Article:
Bhutan's 'Shangri-La' caught between two rival superpowers

With its scenic mountains and stunning Buddhist monasteries on hilltops, Bhutan is a traveller’s dream and described by some as the last Shangri-La – a mystical beautiful place where everything is perfection.

The country’s capital, Thimphu, is a refreshing delight to those who are tired of traffic and pollution in mega cities. The fresh air and the lush green mountains and snow peaks in the distance offer a visual treat.

Men, women and children calmly walk around in the country’s traditional attire. It is probably the only country in the world where there are no traffic signals – just traffic police officers giving hand signals.

But beneath the surface, this picture-postcard country has been experiencing an undercurrent of tension and nervousness since last year.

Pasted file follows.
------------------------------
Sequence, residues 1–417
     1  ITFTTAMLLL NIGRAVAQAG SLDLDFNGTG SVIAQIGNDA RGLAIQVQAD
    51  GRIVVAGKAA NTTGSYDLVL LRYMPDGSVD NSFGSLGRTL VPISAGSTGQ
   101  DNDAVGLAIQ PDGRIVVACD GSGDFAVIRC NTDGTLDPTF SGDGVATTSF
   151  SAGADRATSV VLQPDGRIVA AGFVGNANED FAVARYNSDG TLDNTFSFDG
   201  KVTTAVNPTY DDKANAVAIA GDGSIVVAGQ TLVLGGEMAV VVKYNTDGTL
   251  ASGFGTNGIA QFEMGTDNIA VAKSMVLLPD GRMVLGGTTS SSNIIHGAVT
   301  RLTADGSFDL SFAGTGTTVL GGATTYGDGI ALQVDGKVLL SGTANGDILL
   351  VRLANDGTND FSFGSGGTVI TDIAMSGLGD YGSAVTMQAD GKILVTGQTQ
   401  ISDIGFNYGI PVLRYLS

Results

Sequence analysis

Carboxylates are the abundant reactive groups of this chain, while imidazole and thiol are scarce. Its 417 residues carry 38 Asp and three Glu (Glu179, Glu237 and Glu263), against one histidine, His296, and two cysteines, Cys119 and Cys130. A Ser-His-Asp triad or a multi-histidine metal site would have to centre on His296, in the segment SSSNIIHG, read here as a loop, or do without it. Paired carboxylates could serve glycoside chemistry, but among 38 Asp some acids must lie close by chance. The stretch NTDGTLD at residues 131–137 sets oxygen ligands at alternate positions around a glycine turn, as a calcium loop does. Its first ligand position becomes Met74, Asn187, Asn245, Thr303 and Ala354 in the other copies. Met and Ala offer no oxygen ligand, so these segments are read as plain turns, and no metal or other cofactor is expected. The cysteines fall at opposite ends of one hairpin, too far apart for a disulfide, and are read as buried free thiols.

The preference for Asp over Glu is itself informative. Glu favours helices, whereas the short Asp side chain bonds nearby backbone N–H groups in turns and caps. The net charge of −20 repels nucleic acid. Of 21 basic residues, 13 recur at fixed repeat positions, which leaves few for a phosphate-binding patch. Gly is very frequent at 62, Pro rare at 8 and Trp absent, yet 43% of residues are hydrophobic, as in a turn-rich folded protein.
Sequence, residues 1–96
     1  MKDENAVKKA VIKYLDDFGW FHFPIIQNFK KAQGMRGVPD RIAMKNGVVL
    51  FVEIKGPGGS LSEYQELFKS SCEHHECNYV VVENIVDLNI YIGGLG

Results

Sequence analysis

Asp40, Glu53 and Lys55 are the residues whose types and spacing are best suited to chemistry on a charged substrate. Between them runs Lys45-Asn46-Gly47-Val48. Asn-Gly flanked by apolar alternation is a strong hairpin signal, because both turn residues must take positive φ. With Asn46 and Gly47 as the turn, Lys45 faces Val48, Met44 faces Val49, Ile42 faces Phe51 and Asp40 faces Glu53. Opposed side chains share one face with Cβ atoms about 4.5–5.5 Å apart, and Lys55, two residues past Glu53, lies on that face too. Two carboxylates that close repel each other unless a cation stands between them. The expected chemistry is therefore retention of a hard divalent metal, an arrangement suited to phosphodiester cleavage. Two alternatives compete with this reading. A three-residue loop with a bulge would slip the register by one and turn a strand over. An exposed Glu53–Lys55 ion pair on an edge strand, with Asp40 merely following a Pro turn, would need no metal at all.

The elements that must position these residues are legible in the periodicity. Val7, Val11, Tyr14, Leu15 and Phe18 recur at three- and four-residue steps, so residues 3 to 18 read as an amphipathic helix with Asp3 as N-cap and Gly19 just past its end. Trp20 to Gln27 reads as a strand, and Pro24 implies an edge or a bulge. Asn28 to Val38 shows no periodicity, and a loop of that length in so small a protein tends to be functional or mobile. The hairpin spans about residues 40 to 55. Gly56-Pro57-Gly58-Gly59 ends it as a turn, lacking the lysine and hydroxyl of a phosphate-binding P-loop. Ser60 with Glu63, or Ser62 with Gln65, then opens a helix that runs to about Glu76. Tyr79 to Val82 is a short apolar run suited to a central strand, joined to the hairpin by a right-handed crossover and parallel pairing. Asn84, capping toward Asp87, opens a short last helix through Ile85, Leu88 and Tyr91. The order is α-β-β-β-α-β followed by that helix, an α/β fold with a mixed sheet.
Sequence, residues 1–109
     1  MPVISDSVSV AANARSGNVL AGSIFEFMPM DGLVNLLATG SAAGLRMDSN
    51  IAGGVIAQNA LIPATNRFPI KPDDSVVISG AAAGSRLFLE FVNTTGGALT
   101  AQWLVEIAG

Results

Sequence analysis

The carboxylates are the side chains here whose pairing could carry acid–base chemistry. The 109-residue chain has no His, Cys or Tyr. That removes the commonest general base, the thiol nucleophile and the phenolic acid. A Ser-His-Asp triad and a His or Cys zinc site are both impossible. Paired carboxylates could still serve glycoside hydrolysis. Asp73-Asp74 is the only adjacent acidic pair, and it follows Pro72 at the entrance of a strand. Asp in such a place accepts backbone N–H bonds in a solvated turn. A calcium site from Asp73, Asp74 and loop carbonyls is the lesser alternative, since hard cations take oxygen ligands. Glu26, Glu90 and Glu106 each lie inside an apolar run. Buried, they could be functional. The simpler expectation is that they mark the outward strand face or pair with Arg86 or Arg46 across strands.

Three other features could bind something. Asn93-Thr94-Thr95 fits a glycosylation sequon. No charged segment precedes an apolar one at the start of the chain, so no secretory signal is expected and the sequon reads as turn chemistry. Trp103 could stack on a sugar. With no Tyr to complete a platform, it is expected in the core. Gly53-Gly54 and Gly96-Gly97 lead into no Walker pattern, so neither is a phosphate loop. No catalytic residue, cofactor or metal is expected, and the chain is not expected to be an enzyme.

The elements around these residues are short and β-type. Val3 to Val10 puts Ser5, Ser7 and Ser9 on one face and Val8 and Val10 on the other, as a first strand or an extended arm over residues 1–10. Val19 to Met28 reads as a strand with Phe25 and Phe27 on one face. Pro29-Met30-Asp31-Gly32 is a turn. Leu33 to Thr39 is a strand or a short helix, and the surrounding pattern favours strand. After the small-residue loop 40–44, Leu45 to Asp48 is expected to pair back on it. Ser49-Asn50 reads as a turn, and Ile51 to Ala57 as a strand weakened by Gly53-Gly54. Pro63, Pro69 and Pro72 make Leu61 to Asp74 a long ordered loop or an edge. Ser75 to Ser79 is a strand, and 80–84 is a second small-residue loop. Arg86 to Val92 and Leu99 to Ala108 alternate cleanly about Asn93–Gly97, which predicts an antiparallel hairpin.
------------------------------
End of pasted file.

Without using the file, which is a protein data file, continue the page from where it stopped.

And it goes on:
Sandwiched between two Asian giants – China in the north and India in the south – the Himalayan nation, with a population of about 800,000, was anxious when troops from the two military powers squared up to each other over their border dispute.

The flare-up was in a strategic plateau called Doklam – situated in the tri-junction between India, Bhutan and China.

The remote mountainous region of Doklam is disputed. Bhutan and China both claim the area. India supports Bhutan’s claim over it.

When China started…

Continue Reading This Article At BBC News

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